I know, I know unit tests and security are dull topics. They are not as interesting as the latest “Ruby on Rails killer”. However, I would argue that expertise in both is more critical in a business than any other topic besides writing code itself. Being able to write good tests significantly improves the quality of your code and ability to change it quickly. Maintaining proper security can save you money and keep the auditor away as well as maintain the trust of your customers. Like writing clean code, being able to write tests and maintain security are two skills that encompass every language and technology. You will be more valuable to your company or a potential employer by mastering these two skills than by knowing every language that compiles to the JVM.

In the end, getting back to the basics is about focussing on plain, good programming. It is not about learning complex build tools or trendy languages used in the Valley. It is about increasing the depth of your knowledge and not spreading it thin. Getting back to the basics is about freeing yourself from the need to know every goofy name like Gulp or Guzzle and just improving how you would write a class in your favorite language. It is about letting go of the pressure to learn everything and focus on learning a couple small, important topics. Getting back to the basics will not get you a TV show or a trending tweet, but it will give you peace of mind and a better product. Is that not what this is all about?

Top comments (5)

katafrakt profile image
Paweł Świątkowski

Ever feel overwhelmed by how much there is to learn? Is the pressure to learn Redux, CSS Grid, TypeScript, Go, Rust, Elixir, Kotlin or Elm getting you down?

I guess it depends. For me most burnout-inducing thing is getting bound to same boring things without any chance to try something new. As soon as I'm allowed to use new language, framework or introduce concepts I learned recently, my near-burned-out state goes away.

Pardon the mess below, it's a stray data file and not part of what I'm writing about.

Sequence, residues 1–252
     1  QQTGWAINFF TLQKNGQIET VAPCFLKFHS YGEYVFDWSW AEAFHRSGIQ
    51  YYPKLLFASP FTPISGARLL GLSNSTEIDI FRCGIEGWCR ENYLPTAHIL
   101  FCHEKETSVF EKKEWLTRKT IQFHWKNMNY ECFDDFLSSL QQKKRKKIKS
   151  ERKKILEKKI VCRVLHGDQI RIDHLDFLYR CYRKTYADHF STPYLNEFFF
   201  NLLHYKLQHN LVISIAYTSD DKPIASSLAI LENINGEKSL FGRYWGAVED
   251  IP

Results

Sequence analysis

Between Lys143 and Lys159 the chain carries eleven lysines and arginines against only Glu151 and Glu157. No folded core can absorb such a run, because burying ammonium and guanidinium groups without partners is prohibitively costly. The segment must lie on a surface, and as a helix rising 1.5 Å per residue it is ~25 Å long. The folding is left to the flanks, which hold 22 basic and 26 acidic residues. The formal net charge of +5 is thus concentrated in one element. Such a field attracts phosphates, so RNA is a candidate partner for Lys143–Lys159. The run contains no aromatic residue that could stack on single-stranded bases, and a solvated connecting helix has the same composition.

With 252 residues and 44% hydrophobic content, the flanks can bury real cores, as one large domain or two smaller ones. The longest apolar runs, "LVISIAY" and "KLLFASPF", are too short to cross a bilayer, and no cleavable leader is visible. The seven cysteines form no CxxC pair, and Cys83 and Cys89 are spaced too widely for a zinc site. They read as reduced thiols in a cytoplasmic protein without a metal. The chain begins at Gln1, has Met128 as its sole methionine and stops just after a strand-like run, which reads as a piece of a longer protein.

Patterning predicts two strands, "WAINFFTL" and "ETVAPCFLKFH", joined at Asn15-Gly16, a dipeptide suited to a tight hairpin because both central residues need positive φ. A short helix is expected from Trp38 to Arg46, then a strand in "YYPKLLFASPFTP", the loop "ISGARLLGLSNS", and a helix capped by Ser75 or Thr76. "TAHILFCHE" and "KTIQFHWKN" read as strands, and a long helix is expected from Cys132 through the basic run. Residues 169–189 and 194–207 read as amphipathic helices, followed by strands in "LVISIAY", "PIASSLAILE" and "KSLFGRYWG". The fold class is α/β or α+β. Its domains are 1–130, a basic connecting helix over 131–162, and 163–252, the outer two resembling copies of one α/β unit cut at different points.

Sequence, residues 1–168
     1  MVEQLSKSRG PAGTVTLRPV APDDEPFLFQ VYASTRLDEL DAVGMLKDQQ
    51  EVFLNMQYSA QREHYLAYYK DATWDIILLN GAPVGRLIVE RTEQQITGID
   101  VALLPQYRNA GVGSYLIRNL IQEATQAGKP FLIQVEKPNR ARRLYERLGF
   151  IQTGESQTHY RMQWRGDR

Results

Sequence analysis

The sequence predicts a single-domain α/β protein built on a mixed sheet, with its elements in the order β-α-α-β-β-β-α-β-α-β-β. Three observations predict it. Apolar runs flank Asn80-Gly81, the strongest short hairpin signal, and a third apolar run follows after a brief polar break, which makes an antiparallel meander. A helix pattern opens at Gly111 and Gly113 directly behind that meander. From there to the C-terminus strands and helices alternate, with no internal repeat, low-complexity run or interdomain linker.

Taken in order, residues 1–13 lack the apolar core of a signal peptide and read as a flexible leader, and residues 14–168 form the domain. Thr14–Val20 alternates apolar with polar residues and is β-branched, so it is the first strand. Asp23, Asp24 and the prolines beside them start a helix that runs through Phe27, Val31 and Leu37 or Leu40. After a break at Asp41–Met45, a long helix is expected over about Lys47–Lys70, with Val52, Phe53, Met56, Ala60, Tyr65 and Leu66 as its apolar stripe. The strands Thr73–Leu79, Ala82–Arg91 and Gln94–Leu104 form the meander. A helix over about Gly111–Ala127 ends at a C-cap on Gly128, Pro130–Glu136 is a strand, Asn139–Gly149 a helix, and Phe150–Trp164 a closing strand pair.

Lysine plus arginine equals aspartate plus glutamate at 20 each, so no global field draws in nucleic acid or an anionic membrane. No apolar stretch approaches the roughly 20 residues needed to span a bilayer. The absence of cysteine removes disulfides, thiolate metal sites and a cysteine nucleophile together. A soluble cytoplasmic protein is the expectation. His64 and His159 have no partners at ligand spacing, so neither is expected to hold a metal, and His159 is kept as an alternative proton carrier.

restoreddev profile image
Andrew Davis Author

I definitely think there needs to be a balance. I didn’t mention it in the article, but recently I’ve been learning Swift in hobby projects which has helped me avoid stagnation and do something new. In tech culture though, there is a lot of pressure to learn even more which can get frustrating/overwhelming sometimes.

ikemkrueger profile image
Ikem Krueger

For me most burnout-inducing thing is getting bound to same boring things without any chance to try something new.

I think it is called „boreout“.

perttisoomann profile image
Pert Soomann

Good read.

I especially love the middle bit. It really doesn't do devs any favours to battle with impostor syndrome, and get constantly asked about ways to integrate this new piece of technology, just because it looks popular. It's very refreshing to see others feel the same way.

Half-jokingly, I've been long enough in dev business to notice that if you wait X years, suddenly the thing you've always done is da bomb again - so all you need to do is wait 2-3 years :D

beatpoet profile image
Richard Smith

Totally agree. It's impossible to keep up with every emerging language/framework - and it's exhausting to even try. But the basics remain the same.